Like umbrellas in a St Andrews winter and greasy food after a night out, climate change summits have become something a lot of people expect to be disappointed by. At least on social media, COP26, the UN’s most recent attempt to save the polar bears, has been met with apathy, disdain, and disbelief that the conference will ultimately lead to successful outcomes. This disbelief is by no means unjustified, after numerous countries’ failures to meet their climate change strategies, it makes sense that people are questioning the utility of climate change conferences and the ability of nations to work together to tackle climate change; the most pressing dilemma facing society, after the prospect of new Ed Sheeran music. Yet, this sentiment is unfortunately misguided: COP26 is something we should all be hopeful about.
For one, there have already been several announcements during the conference that prove we’re on the way to a carbon neutral world. Already more than 40 countries have agreed to phase out coal-fired power; more than 100 countries have agreed to reverse deforestation by 2030, and numerous high-income countries have promised incentives to support low-income countries in the transition towards clean energy. Critics could argue that these announcements are simply lip service, rather than genuine promises, but this perspective can’t be right when the significant and specific monetary pledges are considered. The deforestation pledge includes almost £14 billion of public and private funds and several high-income countries have pledged £6 billion to South Africa if the nation ditches coal. Governments are taking this conference seriously and this is best shown in the way even the most austere governments are doing what they hate the most: spending money on important issues.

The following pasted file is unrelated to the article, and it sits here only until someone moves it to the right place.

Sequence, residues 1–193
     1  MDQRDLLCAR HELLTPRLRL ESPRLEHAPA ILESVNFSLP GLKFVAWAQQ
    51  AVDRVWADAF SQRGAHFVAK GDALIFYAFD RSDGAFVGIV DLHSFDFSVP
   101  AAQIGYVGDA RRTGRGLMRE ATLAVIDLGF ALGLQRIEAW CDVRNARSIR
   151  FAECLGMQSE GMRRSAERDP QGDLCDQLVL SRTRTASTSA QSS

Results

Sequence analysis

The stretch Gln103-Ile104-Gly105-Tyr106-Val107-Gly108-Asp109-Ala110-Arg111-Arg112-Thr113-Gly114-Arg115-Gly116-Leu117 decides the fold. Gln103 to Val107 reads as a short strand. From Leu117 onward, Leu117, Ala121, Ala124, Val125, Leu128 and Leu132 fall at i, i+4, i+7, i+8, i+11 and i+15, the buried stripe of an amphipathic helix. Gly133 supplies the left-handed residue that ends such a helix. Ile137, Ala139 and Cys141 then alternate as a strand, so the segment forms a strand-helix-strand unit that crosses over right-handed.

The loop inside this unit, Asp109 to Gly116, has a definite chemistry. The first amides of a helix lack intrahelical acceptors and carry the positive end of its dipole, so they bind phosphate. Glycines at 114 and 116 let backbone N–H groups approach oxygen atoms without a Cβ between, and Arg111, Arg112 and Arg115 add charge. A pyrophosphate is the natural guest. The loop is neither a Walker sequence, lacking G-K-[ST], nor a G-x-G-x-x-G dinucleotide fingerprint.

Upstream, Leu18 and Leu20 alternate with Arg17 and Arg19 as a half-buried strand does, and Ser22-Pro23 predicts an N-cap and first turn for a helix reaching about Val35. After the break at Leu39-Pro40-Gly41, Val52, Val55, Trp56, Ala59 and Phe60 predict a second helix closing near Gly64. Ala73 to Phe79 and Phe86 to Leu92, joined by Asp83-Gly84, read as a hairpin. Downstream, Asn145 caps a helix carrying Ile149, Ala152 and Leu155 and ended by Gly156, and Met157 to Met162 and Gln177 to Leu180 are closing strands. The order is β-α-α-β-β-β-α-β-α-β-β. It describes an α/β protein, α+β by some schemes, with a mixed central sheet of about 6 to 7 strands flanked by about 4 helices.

Although the dreary and defeatist may argue otherwise, there is evidence that climate change conferences are more than just an excuse for world leaders to clog up Glasgow and pay lip service to protesting schoolchildren. We have seen crucial progress since COP25 in 2019. For one, Biden’s election meant that the world’s only superpower is back on track; Biden quickly re-joined the Paris Agreement after his election, which the US left under Trump, and announced at the UNGA that the US would double their current climate finance funding for low-income nations. Moreover, nations that have been hesitant to commit to climate change pledges have recently taken significant steps. China, the world’s largest polluter, announced in September at the UNGA that it would stop building coal-fired power plants abroad. Encouragingly, China has, along with Russia and Saudi Arabia, also set targets for reducing emissions. Although this progress is obviously not enough to effectively combat climate change and far too many countries have failed to meet their goals, there is still evidence that progress is possible and that there has been a positive shift in attitude as world leaders and societies as a whole seem more committed to tackling climate change than ever before.
A final reason why we should be hopeful about COP26 is that, quite basically, COP26 has proven that the right people not only care about climate change, but are also willing to take action to combat it. It would be easier if we all just collectively chose to mate like ostriches and stick our heads in the sand, to give in to our eco-anxieties and easy cynicism and see climate change as inevitable and thus action against it as pointless. But this easy route isn’t a path humanity has tread. Instead, through summits like COP26, we have continued to face climate change head on. Despite the terrifying and looming potential consequences of climate change, summits like COP26 prove that a majority of the world’s nations, despite usually being so divided, are fundamentally capable of cooperating and putting humanity and our world above national interest and typical rivalry.
COP26 hasn’t started seamlessly and will likely not be the final solution to climate change, but it is a step forward in the right direction and proof that governments do care, and that international cooperation and progress towards eradicating climate change is possible. Ultimately, in the quest to prevent climate change, we should be motivated by hope, rather than fear, and that’s crucially what conferences like COP26 can provide us with. Climate change is petrifying, and it is easy to feel overwhelmed or helpless in the face of it, but it is important to remain hopeful, whilst being adequately critical, of conferences like COP26, because we must remain hopeful that climate change is ultimately a solvable issue. And regardless, even if COP26 does prove fruitless, hopefully, we’ll be wiped off the planet before the next Ed Sheeran album.
Image: Flickr / Number 10